REFERENCE PAGES
Algebra
Geometry
Arithmetic Operations
Geometric Formulas
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Formulas for area A, circumference C, and volume V:
Triangle
A 1 bh
2
1 ab sin
2
a
Expo
5E-18(pp 1176-1185)
1/19/06
3:42 PM
Page 1176
CHAPTER 18
The charge in an electric
circuit is governed by the
differential equations that
we solve in Section 18.3.
Second-Order Differential Equations
5E-18(pp 1176-1185)
1/19/06
3:42 PM
Page 1177
The basi
5E-16(pp 1016-1025)
1/18/06
4:13 PM
Page 1016
CHAPTER 16
If we approximate a solid by rectangular columns
and let the number of columns increase, the
limit of sums of volumes of columns is the volume
of the solid.
Multiple Integrals
5E-16(pp 1016-1025)
1
5E-14(pp 884-893)
1/18/06
11:47 AM
Page 884
CHAPTER 14
The calculus of vectorvalued functions is used
in Section 14.4 to prove
Kepler’s laws. These
describe the motion of
the planets about the Sun
and also apply to the orbit
of a satellite about the
Earth
5E-13(pp 828-837)
1/18/06
11:09 AM
Page 828
CHAPTER 13
Wind velocity is a vector because
it has both magnitude and direction. Pictured are velocity vectors
indicating the wind pattern over
San Francisco Bay at 12:00 P.M.
on June 11, 2002.
Vectors and the
5E-12(pp 736-745)
1/18/06
10:08 AM
Page 736
CHAPTER 12
Bessel functions, which are
used to model the vibrations of drumheads and
cymbals, are deﬁned as
sums of inﬁnite series in
Section 12.8. Notice how
closely the computergenerated models (which
involve
5E-11(pp 686-695)
1/18/06
9:31 AM
Page 686
CHAPTER 11
Parametric curves are used to
represent letters and other symbols on laser printers. See the
Laboratory Project on page 705.
Parametric Equations and
Polar Coordinates
5E-11(pp 686-695)
1/18/06
9:31 A
5E-10(pp 622-631)
1/18/06
9:18 AM
Page 622
CHAPTER 10
By analyzing pairs of differential equations we gain
insight into population
cycles of predators and
prey, such as the Canada
lynx and snowshoe hare.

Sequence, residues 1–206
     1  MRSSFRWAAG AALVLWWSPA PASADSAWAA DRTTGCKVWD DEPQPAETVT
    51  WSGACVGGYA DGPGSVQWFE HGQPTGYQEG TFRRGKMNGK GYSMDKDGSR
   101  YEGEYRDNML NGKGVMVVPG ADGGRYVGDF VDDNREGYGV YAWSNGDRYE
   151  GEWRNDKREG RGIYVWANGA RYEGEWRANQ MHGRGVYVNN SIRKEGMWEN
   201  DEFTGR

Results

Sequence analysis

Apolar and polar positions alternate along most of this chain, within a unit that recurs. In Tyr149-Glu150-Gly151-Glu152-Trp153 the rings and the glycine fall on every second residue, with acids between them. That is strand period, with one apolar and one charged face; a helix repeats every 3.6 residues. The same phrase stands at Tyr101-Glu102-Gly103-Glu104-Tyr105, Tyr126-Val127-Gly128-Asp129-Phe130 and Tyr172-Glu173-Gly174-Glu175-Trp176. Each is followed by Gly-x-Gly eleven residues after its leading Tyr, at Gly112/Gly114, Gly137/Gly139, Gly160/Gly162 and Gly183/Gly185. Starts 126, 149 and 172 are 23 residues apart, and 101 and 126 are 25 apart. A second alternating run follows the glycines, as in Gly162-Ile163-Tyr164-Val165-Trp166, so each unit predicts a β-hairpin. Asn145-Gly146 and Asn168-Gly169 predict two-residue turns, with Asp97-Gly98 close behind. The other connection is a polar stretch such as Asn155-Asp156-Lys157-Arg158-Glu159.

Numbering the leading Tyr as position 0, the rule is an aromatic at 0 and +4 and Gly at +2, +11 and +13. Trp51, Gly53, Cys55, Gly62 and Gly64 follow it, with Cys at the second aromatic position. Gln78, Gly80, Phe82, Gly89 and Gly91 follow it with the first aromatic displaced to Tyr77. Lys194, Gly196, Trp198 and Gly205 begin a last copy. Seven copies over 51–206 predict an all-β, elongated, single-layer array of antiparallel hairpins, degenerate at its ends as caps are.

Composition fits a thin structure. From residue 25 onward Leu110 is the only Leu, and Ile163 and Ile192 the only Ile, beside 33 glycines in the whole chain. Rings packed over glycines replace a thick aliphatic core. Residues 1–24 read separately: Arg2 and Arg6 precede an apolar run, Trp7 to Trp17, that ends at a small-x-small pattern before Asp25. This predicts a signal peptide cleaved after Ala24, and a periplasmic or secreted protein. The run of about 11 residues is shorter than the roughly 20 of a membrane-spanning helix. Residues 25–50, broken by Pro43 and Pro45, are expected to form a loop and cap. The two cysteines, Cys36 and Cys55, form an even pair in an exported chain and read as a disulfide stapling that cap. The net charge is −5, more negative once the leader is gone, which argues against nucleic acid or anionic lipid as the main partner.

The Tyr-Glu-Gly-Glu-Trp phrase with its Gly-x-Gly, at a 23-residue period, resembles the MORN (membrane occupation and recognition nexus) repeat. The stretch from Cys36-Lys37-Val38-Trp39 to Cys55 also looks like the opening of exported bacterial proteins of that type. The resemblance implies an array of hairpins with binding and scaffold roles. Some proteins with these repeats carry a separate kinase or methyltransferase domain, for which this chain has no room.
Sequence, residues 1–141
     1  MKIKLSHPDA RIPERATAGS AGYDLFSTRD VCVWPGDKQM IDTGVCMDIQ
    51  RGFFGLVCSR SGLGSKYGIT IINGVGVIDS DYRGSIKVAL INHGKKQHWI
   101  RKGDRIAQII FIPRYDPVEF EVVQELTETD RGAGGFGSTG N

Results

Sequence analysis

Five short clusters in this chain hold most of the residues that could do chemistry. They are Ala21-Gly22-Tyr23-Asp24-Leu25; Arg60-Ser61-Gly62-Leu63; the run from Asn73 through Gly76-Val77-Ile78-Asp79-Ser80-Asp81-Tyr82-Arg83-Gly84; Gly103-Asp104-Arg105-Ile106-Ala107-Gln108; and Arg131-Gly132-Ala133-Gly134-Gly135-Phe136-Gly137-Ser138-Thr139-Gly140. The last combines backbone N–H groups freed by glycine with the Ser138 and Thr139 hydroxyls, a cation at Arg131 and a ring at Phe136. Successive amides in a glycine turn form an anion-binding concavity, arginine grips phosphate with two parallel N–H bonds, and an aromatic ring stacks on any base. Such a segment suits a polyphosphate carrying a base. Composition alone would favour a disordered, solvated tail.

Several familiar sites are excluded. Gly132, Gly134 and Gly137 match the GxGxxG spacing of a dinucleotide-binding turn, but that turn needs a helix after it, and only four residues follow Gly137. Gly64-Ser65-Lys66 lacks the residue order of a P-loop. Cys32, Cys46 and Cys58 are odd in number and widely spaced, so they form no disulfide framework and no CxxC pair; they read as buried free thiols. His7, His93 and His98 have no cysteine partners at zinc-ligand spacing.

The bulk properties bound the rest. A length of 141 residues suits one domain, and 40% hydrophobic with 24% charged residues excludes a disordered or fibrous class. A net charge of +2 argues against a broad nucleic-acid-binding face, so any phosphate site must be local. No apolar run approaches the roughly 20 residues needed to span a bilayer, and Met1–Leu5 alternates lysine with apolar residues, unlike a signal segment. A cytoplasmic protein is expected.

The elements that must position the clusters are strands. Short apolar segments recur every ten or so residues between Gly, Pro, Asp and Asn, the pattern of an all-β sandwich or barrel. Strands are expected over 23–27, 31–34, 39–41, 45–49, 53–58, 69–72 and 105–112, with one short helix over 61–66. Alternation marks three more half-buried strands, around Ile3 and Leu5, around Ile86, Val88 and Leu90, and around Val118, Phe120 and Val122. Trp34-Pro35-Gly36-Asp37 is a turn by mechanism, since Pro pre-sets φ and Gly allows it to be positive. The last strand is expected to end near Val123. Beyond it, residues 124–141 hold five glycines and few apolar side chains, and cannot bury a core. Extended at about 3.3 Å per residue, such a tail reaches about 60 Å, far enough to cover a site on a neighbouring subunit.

W
150
100
R
3000
W
R
W
50
120
2000
80
0
1000
2000
3
5E-09(pp 582-591)
1/17/06
6:20 PM
Page 582
CHAPTER 9
Integration enables us to
calculate the force exerted
by water on a dam.
Further Applications of Integration
5E-09(pp 582-591)
1/17/06
6:20 PM
Page 583
We looked at some applications of integrals in Ch
5E-08(pp 510-519)
1/17/06
5:19 PM
Page 510
CHAPTER 8
The techniques of this
chapter enable us to ﬁnd
the height of a rocket a
minute after liftoff and to
compute the escape
velocity of the rocket.
Techniques of Integration
5E-08(pp 510-519)
1/17/06
5:19
5E-05(pp 314-323)
1/17/06
3:37 PM
Page 314
CHAPTER 5
To compute an area we approximate a region by rectangles
and let the number of rectangles become large. The precise
area is the limit of these sums of areas of rectangles.
Integrals
5E-05(pp 314-323)
1
5E-04(pp 222-231)
1/17/06
2:40 PM
Page 222
CHAPTER 4
Scientists have tried to
explain how rainbows are
formed since the time of
Aristotle. In the project on
page 232, you will be able
to use the principles of
differential calculus to
explain the formation
5E-03(pp 126-135)
1/17/06
1:49 PM
Page 126
CHAPTER 3
By measuring slopes at points on the sine curve,
we get strong visual evidence that the derivative
of the sine function is the cosine function.
Derivatives
5E-03(pp 126-135)
1/17/06
1:49 PM
Page 127
In
5E-02(pp 064-073)
1/17/06
1:24 PM
Page 64
CHAPTER 2
The idea of a limit is
illustrated by secant lines
approaching a tangent line.
Limits and Rates of Change
5E-02(pp 064-073)
1/17/06
1:25 PM
Page 65
In A Preview of Calculus (page 2) we saw how the idea
5E-FM.qk
1/19/06
11:09 AM
Page 1
CA L C U L U S
5E-Preview (pp 02-09)
1/17/06
11:44 AM
Page 2
By the time you ﬁnish this course, you will
be able to explain the formation and location
of rainbows, compute the force exerted by
water on a dam, analyze the